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Look at Subsegments When Targeting the Affluent Traveler

• Author: , Sr. Vice President/Group Director

co-brand credit card marketing recommendations for reaching affluent travelers

Some of the most respected research and travel trade associations validate looking at sub-segments of the traveling audience in order to identify best prospects. This holds true for financial services and co-brand credit card marketers looking to attract the highly desirable affluent and Millennial audiences. In the pursuit of these high value targets, we recommend considering some recent insights from both Ipsos Affluent Intelligence and MMGY.

We know the acquisition of “things” used to be important to the affluent demographic across all age and income stratifications, but mindsets have changed. Now, “experiential” is the buzz word, and people are willing to invest in order to have memorable experiences. Over the last three years, for example, according to the Bureau of Labor Statistics Consumer Expenditure Survey, the general population increased travel spend by 27%, while the affluent segment grew nearly 40%.  More importantly, affluent households representing 27% of the population are spending 56% of all dollars within the travel category.

Last year, Ipsos Affluent Intelligence identified traveler subsegments amongst affluent consumers, defined as HHs with minimum of $100K income. The subsegments identified are Domestic Deal-Seekers, Homebodies, Experienced Explorers, Jetsetters and A Taste of First Class.

If you are marketing travel services and products – including airline and lodging co-brands and bank branded cards with travel rewards – you might choose to identify and focus on only 19% of the affluent demographic: the subsegment Ipsos Affluent Intelligence calls A Taste of First Class. Here’s why the data leads us to that recommendation:

  • Ipsos Affluent Intelligence describes 22% of the population surveyed as Domestic Deal-Seekers. Of these, 38% are Gen Xers. The median age is 46, and the median HHI is $147K. These are value travelers and typically take no-frills trips.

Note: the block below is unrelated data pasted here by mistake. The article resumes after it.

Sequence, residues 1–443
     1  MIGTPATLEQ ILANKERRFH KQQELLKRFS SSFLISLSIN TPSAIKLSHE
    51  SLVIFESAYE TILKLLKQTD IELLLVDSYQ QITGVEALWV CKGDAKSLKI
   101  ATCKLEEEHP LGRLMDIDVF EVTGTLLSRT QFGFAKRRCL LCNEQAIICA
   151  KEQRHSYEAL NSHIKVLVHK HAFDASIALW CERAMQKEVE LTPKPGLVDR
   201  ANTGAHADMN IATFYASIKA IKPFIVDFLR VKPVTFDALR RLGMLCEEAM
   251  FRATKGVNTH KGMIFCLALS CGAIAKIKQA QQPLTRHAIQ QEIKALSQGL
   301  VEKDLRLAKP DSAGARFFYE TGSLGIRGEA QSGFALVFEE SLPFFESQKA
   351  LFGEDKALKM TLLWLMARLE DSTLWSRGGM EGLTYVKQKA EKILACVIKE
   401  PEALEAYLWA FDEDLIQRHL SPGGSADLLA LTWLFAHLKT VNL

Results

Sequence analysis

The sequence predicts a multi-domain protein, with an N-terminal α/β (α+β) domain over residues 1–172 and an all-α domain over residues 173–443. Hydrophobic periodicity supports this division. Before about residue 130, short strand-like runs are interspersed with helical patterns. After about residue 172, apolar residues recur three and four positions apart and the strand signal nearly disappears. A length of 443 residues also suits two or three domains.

• Homebodies account for 24% of the population surveyed by Ipsos Affluent Intelligence. Although the numbers are similar – 46 median age, $136K median HHI, 34% Gen Xers – Homebodies are light travelers with a preference for domestic travel. They are also risk averse and unlikely to include adventure travel.
  • Experienced Explorers, 19% of the population surveyed, have both free time and the financial resources to engage in many vacations. Each year, they average 4.2 vacation trips and 2.6 business trips with an average travel spend of $9.4K. They are predominantly Boomers (51%), and many favor cruise ship travel and embrace membership in frequent flyer programs.
  • Accounting for 16% of the total affluent population, the wealthiest subsegment (with median HHI of $175K) has attractive spending power and travel behavior. These are Jetsetters, and they typically stay in five-star accommodations and luxury boutique hotels, taking 5.8 business trips and 4.3 vacation trips on average per year. Consider them to be already entrenched in loyalty programs and co-brand cards. Unless you have a truly premium brand with a rich value prop and true innovation, in terms of prospecting, you probably missed the window of opportunity with Jetsetters. Ipsos Affluent Intelligence reports that 93% of the sub-segment belong to a frequent traveler program, and 74% report they love collecting frequent flyer points from business travel to use on personal trips.
  • On the flip side, consider courting this subsegment: A Taste of First Class, which makes up 19% of the affluent segment with median HHI of $142K. These travelers like to splurge on upgrades and look for quality over quantity. In fact, 87% of them say comfort and service are worth paying extra for. Their travel budgets are not yet that high: $3,000 per year on average spent across 2.9 vacation trips and 2.8 business trips. For brands that are willing to get in early based on potential – 32% are Millennials and the median age overall is just 41.3 – they could be worth nurturing over the long-term as they emerge into greater affluence and increased travel experiences. Their media consumption favors the internet, a plus as an efficient way to engage with them now and into the future.

MMGY, experts in the travel category, provides insights that validate that this younger, growing-in-affluence subsegment is not to be dismissed. MMGY believes affluent household income is neither a reliable indicator of those likely to favor luxury travel nor a driver of willingness to pay top dollar for quality travel and adventures. Its subject matter experts know, when it comes to affluent consumers and travel behavior, many affluent consumers are budget-conscious, while others are luxury spenders. MMGY’s critical observation is this: travel behaviors around spending for luxury travel is not highly correlated to degree of affluence.

As you market in 2018, these aggregated insights may point you to a renewed opportunity.

* Insights used with permission from Ipsos Affluent Intelligence. For interest in Ipsos Affluent Intelligence, contact Michael Baer, SVP Team Lead IAI, at Michael.Baer@ipsos.com

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